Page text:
BOSTON, August 3, 2022—A study published today in Pediatrics, using a large national dataset of adolescents in the U.S., provided evidence against the notion that adolescents in the U.S. come to identify as transgender due to “social contagion.”
The study also found that the percentage of teens openly identifying as transgender or gender diverse (TGD) did not increase between 2017 and 2019. Additionally, contrary to past research with smaller samples, teens assigned female at birth were not overrepresented among TGD adolescents in the U.S. It is the largest study to date to examine the controversial hypothesis that more adolescents who were assigned female at birth have identified as TGD because of “social contagion.” The study adds important new knowledge to the evolving field of transgender health care and ongoing public debate of legislative measures regulating access to gender-affirming health care.
“The hypothesis that transgender and gender diverse youth assigned female at birth identify as transgender due to social contagion does not hold up to scrutiny and should not be used to argue against the provision of gender-affirming medical care for adolescents,” said study senior author Dr. Alex S. Keuroghlian, who directs the National LGBTQIA+ Health Education Center at The Fenway Institute and the Massachusetts General Hospital Psychiatry Gender Identity Program.
Researchers used data from the 2017 and 2019 Youth Risk Behavior Survey to explore the hypothesis known as “rapid-onset gender dysphoria” (ROGD), which posits that young people begin to identify as TGD for the first time as adolescents rather than as prepubertal children and that this identification and subsequent gender dysphoria are the result of social contagion. The ROGD hypothesis further asserts that youth assigned female sex at birth are more susceptible to social contagion than those assigned male sex at birth.
In “Sex Assigned At Birth Ratio Among Transgender and Gender Diverse Adolescents in the United States,” researchers examined data reported by 91,937 adolescents in 2017 and 105,437 adolescents in 2019 from 16 states that participated in the national Youth Risk Behavior Survey. The data refute the ROGD hypothesis in the following ways:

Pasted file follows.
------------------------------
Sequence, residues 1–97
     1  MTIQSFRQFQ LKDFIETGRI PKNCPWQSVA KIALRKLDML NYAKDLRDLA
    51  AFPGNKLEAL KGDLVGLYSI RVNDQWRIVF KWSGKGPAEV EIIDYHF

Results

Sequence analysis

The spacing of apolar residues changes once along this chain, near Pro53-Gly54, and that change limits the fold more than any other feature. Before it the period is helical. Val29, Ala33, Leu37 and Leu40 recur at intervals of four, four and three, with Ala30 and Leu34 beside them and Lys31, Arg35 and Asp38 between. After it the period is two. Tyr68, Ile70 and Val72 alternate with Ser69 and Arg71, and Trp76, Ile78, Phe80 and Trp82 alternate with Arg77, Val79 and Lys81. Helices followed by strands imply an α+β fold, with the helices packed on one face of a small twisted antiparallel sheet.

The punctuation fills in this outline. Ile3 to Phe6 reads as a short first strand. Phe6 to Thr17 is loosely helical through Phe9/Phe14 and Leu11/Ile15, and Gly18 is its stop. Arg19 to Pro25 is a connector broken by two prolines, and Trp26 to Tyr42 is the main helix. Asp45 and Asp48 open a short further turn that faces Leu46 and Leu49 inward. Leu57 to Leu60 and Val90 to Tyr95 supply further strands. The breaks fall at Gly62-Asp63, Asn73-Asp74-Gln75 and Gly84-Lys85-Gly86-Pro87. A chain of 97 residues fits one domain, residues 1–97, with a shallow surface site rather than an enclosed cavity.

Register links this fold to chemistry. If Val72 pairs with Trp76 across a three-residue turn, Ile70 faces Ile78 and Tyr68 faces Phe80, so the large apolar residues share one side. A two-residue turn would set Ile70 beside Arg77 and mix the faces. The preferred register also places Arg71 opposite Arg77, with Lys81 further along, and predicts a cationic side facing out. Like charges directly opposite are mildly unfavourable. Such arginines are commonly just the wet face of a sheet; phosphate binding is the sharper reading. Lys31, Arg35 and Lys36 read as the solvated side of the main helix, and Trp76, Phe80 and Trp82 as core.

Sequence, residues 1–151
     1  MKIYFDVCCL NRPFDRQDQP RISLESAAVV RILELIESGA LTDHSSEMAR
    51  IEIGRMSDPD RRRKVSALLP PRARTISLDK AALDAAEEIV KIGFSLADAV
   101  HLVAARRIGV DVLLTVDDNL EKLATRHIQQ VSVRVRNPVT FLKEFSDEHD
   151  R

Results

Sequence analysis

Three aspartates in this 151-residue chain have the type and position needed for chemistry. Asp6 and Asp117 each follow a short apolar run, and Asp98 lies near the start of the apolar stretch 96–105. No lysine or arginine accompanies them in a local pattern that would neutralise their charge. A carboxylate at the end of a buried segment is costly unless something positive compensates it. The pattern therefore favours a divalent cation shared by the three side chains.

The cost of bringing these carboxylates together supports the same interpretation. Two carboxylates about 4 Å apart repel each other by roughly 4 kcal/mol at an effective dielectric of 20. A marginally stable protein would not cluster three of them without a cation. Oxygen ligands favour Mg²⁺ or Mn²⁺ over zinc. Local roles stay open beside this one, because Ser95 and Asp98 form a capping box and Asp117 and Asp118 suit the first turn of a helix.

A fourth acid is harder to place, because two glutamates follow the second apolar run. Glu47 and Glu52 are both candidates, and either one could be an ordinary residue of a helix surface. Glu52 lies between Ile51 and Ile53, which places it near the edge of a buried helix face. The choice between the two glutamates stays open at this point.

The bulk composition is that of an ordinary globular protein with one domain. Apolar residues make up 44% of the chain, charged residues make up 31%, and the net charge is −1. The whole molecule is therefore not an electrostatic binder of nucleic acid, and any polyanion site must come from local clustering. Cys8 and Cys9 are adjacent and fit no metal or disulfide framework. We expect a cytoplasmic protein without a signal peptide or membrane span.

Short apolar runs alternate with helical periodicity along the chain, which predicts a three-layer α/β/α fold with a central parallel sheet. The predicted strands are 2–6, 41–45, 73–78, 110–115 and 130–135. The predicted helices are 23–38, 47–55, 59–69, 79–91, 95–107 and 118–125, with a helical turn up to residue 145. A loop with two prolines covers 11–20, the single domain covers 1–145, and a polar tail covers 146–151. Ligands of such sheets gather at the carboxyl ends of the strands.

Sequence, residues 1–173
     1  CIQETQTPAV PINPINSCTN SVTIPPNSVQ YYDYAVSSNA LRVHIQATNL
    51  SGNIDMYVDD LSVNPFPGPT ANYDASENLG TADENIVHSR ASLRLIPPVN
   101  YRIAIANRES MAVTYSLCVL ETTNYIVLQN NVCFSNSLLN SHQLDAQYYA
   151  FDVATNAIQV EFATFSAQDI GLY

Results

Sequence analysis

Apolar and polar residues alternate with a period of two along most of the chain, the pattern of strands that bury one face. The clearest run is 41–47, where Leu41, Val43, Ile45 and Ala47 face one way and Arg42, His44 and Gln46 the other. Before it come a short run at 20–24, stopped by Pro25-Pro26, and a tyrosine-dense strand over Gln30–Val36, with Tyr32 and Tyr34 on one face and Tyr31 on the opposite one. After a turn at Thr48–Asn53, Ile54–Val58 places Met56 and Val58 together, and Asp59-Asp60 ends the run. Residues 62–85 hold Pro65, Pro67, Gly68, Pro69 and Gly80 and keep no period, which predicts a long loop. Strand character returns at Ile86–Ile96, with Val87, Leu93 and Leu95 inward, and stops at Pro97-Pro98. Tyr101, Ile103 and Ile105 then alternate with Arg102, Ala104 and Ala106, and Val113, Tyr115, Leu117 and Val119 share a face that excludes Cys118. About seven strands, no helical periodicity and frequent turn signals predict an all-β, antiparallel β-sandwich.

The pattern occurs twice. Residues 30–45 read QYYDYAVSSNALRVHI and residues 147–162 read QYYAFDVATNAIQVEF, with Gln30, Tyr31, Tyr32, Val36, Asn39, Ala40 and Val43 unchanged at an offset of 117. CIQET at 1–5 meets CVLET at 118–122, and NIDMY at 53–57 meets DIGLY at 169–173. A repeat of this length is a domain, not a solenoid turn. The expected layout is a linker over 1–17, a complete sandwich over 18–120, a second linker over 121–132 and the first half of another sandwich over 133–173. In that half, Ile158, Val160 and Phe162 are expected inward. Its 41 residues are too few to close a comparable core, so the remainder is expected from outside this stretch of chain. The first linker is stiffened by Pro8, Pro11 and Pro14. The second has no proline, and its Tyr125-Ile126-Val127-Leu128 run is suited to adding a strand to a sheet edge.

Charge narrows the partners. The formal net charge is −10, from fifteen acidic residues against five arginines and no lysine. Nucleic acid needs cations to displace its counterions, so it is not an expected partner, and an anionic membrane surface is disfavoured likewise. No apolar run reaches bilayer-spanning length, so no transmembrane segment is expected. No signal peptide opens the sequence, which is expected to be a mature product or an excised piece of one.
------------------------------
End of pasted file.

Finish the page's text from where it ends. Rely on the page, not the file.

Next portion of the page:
- The total percentage of TDG adolescents decreased from 2.4% (2,161 TGD adolescents out of 91,937 overall) in 2017 to 1.6% (1,640 TDG adolescents out of 105,437 overall) in 2019. This decrease in the overall percentage of adolescents identifying as TGD is incongruent with the ROGD hypothesis.
- Between 2017 and 2019, the sex assigned at birth ratio of TGD adolescents shifted toward more adolescents assigned female at birth, which would initially appear to support the ROGD hypothesis. (In 2017, the ratio of those assigned male at birth compared with those assigned female at birth was 1.47 to 1; in 2019, the ratio of those assigned male at birth compared with those assigned female at birth was 1.16 to 1.) However, the shift in sex ratio was driven by a decrease in the proportion of those assigned male at birth openly identifying as TGD, which further undermines the ROGD hypothesis. The percentage of adolescents assigned female at birth decreased from 2017 to 2019.
- The ROGD hypothesis asserts that youth are drawn to come out as TGD to avoid the stigma associated with being a sexual minority or because being TGD will make them more popular among their peers. Yet rates of bullying victimization and suicidality were higher among TGD youth as compared with their cisgender peers, including their cisgender sexual minority peers. Both findings are incongruent with the notion that some youth openly identify as TGD in an attempt to flee the stigma of being a sexual minority or because being TGD will make them more popular among their peers.
The ROGD hypothesis, first published in 2018, immediately gained influence in public policy debates with coverage by publications ranging from The Economist to Science. This past June, Florida’s Agency for Health Care Administration referred to reports citing the ROGD hypothesis as justification for a new policy implemented this past June prohibiting the use of Medicaid funds for gender-affirming health care. In July, the popular children’s book author J.K. Rowling tweeted to her over 13 million followers that gender-affirming health care harms adolescents.
Yet the 2018 study popularizing the ROGD hypothesis was based on surveys completed by 256 parents with no input from TGD youth. Parents were recruited from three websites, two of which are anti-transgender. One, 4thWaveNOW, describes itself as a “community of people who question the medicalization of gender-atypical youth.” The tagline for the second site, Transgender Trend, is “No child is born in the wrong body.”
“The idea that attempts to flee sexual minority stigma drive teenagers to come out as transgender is absurd, especially to those of us who provide treatment to TGD youth” said study lead author Dr. Jack Turban, incoming Assistant Professor of Child & Adolescent Psychiatry at The University of California, San Francisco. “The damaging effects of these unfounded hypotheses in further stigmatizing transgender and gender diverse youth cannot be understated. We hope that clinicians, policymakers, journalists, and anyone else who contributes to health policy will review these findings.”
“Sex Assigned At Birth Ratio Among Transgender and Gender Diverse Adolescents in the United States,” is available online here.